I'll give you an example, on Wednesday night a young 16-year-old was killed in Sheffield by, in a gun crime. I think we need to speak out for those communities who feel completely marginalised and beached in Britain at the moment.

Chris Huhne MP
Chris Huhne MP

ANDREW MARR: OK. Is there anything that you've heard there, Chris Huhne, that you could disagree with?


ANDREW MARR: So in which case I ask you, as I asked this very fine and upstanding gentleman, what the difference is between you?

CHRIS HUHNE: Well obviously party members have to make a decision who is going to be best to present the case which Nick and I are not surprisingly since we've been leading members of the same party for a long time, fundamentally agree on most of the key elements. And I think, party members will have to think of the difference circumstances.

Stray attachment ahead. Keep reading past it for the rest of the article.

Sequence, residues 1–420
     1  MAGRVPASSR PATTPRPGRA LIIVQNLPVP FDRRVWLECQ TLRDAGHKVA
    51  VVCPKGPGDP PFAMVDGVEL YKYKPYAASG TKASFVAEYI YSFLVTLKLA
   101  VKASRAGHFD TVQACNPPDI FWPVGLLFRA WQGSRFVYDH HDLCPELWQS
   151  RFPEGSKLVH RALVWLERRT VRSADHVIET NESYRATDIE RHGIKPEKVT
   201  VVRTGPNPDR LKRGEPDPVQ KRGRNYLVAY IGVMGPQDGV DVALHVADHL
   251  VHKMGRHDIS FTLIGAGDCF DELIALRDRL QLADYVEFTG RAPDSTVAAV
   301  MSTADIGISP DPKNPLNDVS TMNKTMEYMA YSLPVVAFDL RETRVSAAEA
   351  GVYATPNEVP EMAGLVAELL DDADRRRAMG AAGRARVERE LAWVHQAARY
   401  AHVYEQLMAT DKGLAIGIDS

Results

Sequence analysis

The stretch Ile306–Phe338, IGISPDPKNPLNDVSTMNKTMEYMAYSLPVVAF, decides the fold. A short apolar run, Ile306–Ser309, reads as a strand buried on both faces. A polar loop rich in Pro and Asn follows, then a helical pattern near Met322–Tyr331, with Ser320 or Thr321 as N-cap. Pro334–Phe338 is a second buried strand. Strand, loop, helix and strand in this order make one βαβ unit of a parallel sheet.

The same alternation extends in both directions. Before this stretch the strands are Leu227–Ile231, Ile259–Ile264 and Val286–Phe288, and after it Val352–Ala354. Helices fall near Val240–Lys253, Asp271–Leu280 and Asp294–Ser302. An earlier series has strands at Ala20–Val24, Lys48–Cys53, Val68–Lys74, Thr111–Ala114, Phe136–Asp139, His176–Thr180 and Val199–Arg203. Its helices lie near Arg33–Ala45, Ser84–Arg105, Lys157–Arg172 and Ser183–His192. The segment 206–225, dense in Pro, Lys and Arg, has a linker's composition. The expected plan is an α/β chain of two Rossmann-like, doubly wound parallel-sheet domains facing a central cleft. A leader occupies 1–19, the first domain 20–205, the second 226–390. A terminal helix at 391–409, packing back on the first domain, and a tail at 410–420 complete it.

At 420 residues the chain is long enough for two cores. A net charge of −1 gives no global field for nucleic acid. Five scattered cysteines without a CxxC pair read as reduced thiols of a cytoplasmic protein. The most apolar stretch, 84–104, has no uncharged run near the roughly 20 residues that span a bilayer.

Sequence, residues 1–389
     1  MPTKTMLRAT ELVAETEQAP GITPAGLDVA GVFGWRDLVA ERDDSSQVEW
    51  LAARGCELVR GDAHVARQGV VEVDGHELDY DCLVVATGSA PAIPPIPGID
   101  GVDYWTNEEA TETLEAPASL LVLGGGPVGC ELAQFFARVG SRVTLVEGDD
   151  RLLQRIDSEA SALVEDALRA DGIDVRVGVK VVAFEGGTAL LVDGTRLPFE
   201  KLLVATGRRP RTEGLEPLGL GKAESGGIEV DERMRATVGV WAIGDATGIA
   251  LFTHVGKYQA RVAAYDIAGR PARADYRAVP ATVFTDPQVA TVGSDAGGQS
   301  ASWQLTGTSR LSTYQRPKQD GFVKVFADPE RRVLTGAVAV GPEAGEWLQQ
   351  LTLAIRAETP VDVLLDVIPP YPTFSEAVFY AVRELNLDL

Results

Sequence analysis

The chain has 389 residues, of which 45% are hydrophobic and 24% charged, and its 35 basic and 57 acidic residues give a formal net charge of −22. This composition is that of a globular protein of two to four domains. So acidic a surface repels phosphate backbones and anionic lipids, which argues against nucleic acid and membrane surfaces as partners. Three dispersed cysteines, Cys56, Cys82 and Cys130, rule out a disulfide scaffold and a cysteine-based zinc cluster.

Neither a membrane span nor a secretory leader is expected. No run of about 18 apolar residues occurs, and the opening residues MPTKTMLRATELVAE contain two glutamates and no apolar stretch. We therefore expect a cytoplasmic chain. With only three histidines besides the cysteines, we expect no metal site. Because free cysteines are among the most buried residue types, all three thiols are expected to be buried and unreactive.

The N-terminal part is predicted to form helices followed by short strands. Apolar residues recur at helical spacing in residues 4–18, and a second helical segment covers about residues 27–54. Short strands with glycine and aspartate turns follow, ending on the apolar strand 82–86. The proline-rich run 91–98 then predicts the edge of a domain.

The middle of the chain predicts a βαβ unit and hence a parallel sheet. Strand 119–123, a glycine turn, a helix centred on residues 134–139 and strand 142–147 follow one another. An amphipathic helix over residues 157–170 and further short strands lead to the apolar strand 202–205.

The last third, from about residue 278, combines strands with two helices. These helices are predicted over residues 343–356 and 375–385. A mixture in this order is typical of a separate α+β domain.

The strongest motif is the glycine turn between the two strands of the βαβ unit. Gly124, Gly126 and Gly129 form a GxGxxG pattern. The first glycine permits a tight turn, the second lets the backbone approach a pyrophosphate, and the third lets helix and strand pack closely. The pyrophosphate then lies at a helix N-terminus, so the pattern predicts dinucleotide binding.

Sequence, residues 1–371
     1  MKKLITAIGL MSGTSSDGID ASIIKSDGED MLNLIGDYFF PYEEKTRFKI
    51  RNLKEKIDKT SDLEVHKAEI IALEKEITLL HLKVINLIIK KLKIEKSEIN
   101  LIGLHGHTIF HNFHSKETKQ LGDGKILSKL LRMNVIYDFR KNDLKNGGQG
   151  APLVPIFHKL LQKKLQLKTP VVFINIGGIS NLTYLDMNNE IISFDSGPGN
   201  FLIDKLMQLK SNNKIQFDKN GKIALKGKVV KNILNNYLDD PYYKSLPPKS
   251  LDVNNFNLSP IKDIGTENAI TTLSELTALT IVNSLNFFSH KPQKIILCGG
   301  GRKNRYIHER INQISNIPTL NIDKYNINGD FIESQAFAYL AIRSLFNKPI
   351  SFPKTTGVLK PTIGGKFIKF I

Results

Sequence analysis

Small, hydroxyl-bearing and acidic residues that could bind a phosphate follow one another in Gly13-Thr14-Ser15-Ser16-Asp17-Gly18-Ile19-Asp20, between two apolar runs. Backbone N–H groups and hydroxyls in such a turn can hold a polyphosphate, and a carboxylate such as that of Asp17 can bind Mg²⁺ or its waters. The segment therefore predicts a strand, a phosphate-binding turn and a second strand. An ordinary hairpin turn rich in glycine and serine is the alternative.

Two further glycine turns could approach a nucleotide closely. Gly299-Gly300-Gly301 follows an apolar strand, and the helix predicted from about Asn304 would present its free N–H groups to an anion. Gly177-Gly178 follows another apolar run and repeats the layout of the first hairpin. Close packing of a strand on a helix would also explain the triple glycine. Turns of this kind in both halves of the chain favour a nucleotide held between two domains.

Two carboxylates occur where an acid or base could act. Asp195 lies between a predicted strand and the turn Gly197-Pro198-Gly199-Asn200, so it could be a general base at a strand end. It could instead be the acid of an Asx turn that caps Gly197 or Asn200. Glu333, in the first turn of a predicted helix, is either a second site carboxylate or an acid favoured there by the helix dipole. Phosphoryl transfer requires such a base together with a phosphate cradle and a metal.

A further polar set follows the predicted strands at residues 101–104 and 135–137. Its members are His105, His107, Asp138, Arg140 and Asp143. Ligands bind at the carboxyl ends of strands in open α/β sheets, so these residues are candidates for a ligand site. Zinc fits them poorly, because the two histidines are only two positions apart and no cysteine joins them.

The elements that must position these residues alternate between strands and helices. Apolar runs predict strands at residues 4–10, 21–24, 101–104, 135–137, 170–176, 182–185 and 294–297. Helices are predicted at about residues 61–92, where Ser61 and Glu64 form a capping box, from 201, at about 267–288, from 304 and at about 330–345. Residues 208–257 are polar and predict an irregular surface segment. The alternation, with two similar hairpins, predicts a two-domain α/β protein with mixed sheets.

I mean Nick is absolutely right, we have a much more volatile electorate, which is good news for us, because it means that people are more open-minded than they've ever been before, and we have a fantastic opportunity to really get out there and persuade people that they ought to come and vote for the Liberal Democrats, particularly for the half of British people who actually say that they're Liberals but don't think that they ought to vote for us.

ANDREW MARR: Do you not think he's a little bit young?

NICK CLEGG: Well, I think age is a sort of issue which given recent circumstances we should avoid at all costs. I'm not going to get into that. I think that obviously if you look at our CVs, we've had slightly different experiences.

I mean I'm 13 years older and have more grey hair, and there's no getting around that fact. But I do think that, think of what is likely to happen, the housing market is turning, we're likely to find the economy is going to be a key issue over the next few years.

ANDREW MARR: So you may well have economic experience?

NICK CLEGG: Well I've got by city days, and spending a lot of time covering the economy when I was working in newspapers.